Amwal Al Ghad English - 2013-05-15 09:49:11
Last Sunday, Pope Francis canonized the 800 Christian martyrs executed by Muslim Ottoman forces raiding southern Italy in 1480.According to reports coming from Rome, the 800 were killed because they refused to convert to Islam. What both global media and modern sensitive Muslims here in Egypt have little or no understanding of, was the customary rules of warfare in medieval and Renaissance times, on both sides of the firing line. Basically those towns or villages under siege that did not sue for peace, when called upon to surrender, were quite customarily put to the sword when their walls or defense lines were finally stormed.
There were variations in the application of this tradition. The difference between the Ottoman massacre of the 800 Christians at Otranto and, let us say, the Crusader massacre of thousands of Muslims and Jews in Jerusalem, is that women and children were enslaved at Otranto instead of being put to the sword, as was the case in Jerusalem. The men of Otranto were offered the customary opportunity - according to the Muslim rules of warfare - to save themselves by converting to Islam.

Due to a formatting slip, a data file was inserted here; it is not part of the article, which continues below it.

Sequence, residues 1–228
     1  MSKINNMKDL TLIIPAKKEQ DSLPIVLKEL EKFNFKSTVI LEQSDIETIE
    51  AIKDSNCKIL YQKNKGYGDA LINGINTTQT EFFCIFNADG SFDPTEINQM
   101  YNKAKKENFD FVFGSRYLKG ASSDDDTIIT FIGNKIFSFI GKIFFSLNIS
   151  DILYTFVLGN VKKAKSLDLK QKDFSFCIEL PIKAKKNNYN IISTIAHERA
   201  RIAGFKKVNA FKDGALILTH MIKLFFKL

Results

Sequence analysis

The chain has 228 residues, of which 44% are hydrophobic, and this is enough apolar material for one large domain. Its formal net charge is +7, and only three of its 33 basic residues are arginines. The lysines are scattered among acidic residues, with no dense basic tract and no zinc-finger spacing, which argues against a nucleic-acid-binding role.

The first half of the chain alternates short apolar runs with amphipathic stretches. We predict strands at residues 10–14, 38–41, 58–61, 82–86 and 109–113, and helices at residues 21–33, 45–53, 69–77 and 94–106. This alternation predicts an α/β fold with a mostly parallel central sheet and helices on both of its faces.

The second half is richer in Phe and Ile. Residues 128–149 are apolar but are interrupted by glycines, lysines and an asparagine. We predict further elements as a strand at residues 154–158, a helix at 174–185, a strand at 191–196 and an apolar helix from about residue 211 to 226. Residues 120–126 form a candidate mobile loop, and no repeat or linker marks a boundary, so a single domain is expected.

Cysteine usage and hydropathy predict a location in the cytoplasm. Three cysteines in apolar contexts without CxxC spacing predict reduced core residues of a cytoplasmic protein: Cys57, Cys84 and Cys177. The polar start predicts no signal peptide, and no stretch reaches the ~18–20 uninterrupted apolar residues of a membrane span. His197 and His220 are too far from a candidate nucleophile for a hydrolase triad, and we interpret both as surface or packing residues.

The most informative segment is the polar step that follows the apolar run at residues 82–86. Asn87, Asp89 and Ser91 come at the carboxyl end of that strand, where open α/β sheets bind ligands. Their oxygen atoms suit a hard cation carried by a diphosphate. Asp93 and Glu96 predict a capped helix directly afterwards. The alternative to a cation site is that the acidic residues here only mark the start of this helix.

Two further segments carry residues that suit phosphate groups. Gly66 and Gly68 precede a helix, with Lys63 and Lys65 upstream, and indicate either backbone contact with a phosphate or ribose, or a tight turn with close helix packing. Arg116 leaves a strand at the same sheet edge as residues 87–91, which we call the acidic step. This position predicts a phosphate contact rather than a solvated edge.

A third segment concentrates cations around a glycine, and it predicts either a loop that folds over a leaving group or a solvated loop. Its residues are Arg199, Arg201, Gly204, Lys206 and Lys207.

In other words, the 800 men of Otranto were not executed for refusing to convert to Islam, rather they declined the opportunity via conversion to be spared execution for refusing to surrender. This in no way diminishes their martyrdom but the clarification is useful, particularly since His Holiness Pope Francis has called for more Catholic-Muslim dialogue. And it is Pope Francis who washed the feet of a young Muslim woman, among others, at a juvenile detention center in Rome in one his first acts as Pope. It was the first time this pontifical re-enactment of Christ’s washing the feet of the disciples involved not just an individual who was not a Roman Catholic, but specifically was a Muslim. More»